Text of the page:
And it is wonderful to think about the choices in life that lead you to a dinner table after a  work day, still smiling. Listening to the excited voices of those who love you in their own way because the light you convey in your work loves them.

ideas.

My baby brother is exactly ten years younger than me. And he’s scary smart. Not an engineer or one who knows a wealth of useless facts. No, he’s philosophically smart. I love talking with him because we can have conversations that I can’t have with anyone else.

Last night, we had an interesting discussion on the concept of ideas. And by discussion, I mean I did a lot of listening.

He was saying that it bothers him that people try so hard to get credit for their ideas. He went on to say that people who write seem to be obsessed with recognition.

Hmm.

I thought about that for a while and about how happy I was when I started my three pages-three months challenge last year. Two people read my book, and I want to re-write it because I think I can tell my character’s story better, but every time I get to that discussion about selling, I just don’t care.

And I got quite an earful from a couple of people about that. Like it would be any less of an accomplishment if it wasn’t published. And that kind of killed my joy. Maybe I have no writing talent at all. Really. But the simple truth is if I don’t do it, I get lost. I’m not one of those people who struggles to write. I love everything about it. I love teaching it. I love talking about it. I love re-writing. I love editing. I even love grammar. I’m not an author. I’m a writer.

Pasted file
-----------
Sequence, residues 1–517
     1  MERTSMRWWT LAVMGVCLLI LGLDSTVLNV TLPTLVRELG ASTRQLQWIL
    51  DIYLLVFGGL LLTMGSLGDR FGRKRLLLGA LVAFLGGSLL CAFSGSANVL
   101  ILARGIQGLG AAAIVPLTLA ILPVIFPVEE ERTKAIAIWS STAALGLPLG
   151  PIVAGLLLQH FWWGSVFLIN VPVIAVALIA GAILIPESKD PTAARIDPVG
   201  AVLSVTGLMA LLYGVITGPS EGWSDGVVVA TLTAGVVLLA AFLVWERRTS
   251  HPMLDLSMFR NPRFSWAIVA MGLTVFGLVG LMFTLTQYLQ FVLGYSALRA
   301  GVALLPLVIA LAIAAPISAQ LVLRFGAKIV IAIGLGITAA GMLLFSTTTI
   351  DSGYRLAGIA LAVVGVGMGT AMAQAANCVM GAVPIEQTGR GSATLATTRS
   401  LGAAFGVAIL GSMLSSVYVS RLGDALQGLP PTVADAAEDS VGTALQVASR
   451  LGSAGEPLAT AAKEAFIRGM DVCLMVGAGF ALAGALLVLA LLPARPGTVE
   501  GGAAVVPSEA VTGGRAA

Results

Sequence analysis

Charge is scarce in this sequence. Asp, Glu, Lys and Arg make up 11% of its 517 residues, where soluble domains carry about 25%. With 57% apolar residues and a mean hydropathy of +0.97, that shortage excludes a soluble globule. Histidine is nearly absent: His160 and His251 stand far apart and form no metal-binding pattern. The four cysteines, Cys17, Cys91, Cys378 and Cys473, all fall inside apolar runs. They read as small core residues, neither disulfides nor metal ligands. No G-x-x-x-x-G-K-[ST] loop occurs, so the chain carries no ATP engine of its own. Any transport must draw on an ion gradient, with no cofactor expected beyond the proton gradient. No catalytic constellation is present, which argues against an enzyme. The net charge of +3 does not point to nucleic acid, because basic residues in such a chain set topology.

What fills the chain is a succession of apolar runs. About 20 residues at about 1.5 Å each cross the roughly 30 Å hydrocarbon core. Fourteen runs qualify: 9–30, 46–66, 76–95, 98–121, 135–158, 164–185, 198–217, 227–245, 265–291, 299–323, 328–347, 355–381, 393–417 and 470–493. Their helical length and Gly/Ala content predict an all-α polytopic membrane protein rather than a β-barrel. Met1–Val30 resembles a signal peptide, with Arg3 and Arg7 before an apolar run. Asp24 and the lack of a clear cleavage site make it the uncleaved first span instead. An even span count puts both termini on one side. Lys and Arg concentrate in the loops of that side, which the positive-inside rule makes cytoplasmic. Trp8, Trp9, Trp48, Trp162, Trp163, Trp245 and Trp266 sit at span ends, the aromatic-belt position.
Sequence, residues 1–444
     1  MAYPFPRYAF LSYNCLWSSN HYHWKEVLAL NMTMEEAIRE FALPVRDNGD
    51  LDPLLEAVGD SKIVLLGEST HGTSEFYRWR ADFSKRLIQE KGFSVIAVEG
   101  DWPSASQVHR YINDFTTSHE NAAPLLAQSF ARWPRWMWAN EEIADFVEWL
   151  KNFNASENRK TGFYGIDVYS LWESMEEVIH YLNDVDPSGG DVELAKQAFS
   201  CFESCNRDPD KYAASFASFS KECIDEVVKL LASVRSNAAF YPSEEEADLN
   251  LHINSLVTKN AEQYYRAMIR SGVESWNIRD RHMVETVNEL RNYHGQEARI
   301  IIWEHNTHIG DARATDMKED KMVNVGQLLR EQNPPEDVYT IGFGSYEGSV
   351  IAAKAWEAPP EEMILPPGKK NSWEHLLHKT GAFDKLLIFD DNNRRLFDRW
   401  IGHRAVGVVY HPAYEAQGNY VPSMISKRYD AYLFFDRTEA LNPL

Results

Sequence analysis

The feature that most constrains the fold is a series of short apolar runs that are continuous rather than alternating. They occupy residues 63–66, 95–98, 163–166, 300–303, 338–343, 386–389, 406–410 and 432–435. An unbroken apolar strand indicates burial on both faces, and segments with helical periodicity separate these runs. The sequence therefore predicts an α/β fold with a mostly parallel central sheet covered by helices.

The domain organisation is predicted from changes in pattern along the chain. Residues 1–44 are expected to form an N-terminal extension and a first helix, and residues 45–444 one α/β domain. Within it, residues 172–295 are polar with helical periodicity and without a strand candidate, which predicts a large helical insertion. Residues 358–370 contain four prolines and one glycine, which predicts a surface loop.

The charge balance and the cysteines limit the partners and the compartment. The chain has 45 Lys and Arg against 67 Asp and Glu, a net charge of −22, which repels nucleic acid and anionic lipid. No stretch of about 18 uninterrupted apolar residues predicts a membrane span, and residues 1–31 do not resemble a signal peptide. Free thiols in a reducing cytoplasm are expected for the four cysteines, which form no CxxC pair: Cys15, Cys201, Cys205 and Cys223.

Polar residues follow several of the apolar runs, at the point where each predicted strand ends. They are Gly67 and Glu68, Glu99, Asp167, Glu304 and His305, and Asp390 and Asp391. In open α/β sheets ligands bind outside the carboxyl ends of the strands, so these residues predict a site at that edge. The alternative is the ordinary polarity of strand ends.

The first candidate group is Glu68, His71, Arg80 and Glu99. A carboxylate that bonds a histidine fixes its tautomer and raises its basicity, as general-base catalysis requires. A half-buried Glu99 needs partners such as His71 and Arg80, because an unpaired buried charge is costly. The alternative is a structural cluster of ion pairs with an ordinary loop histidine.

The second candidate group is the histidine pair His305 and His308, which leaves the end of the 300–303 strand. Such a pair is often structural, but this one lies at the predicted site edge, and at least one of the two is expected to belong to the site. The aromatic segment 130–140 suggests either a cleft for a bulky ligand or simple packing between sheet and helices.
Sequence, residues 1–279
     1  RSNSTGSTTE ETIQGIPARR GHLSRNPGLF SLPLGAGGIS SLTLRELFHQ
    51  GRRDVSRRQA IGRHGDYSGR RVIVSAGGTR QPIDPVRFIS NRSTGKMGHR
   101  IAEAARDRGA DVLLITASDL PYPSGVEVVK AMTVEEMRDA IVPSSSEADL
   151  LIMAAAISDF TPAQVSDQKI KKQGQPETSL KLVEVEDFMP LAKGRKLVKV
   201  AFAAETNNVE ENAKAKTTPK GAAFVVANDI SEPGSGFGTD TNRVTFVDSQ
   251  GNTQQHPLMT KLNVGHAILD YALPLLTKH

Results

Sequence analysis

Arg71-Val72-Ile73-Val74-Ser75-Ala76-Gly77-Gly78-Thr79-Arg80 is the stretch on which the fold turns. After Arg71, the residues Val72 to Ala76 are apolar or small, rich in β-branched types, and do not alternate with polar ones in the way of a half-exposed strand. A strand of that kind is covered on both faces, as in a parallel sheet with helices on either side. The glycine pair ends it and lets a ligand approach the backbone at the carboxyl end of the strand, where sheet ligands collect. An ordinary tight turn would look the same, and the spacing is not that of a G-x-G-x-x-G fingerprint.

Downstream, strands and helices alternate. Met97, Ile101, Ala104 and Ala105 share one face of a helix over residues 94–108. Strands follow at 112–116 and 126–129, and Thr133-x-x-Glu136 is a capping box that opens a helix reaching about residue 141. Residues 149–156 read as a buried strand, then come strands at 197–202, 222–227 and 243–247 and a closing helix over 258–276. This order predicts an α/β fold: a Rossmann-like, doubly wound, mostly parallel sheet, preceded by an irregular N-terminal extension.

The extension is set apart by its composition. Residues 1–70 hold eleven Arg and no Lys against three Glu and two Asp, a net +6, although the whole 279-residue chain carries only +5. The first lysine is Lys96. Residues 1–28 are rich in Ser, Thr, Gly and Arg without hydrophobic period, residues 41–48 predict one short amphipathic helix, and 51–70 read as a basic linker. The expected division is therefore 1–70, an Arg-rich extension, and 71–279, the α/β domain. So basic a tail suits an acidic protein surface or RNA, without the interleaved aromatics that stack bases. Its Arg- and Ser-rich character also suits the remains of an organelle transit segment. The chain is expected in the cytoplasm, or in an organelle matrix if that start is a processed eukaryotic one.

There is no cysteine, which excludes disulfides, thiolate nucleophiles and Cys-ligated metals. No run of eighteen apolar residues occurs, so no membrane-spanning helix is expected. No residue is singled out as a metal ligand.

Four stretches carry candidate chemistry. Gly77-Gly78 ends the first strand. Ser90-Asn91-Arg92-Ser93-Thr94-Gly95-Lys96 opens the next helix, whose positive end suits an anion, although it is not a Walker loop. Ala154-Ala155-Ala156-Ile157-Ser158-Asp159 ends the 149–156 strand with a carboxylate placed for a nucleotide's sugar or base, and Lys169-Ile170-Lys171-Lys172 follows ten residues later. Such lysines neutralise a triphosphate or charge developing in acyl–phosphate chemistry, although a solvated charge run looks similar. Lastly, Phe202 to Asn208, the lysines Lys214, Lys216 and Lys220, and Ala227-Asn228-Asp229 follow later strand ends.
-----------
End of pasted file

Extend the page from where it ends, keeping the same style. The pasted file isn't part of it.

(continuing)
That was why I was so selective with who read my first draft. Not because I was scared, but because the people who I wanted to read it understand what it meant to me. It was about that moment of my life. And what I was meant to be doing.

Personal legend.

It would just be nice if the world wasn’t so obsessed with owning things. Especially ideas. Our whole damn country is based off of giving power to people who own the most, so it’s too late.

And in the true spirit of “owning” things: that’s MY brother.

As I make decisions right now, I’m thinking about all of my ideas. All of the options and possibilities. Everything that has changed. Everything that I want to remain (I can count those things on one hand).

I was re-writing my resume. Yes, again. It just gets longer and longer. And I realized where the changes came from. I reevaluate a lot. I do it almost every day. It’s probably the nature of teaching. You have to or no one would learn anything.

I’m doing it now. With a lot of things. Not just work. And damn. It hurts. I think I’m in the healthiest position ever to do it, but it still hurts. The cleansing process is brutal.

I’m not afraid to admit that I cry. I get angry. I curse. I change my diet. I change my patterns. I do everything possible to remove myself from what was and ignore what is to make myself see what will be.

But oh, dear God, I love the ideas. I love every single idea that pops into my head–the exciting ones, the stupid ones, the scary ones. I love with every essence of my being.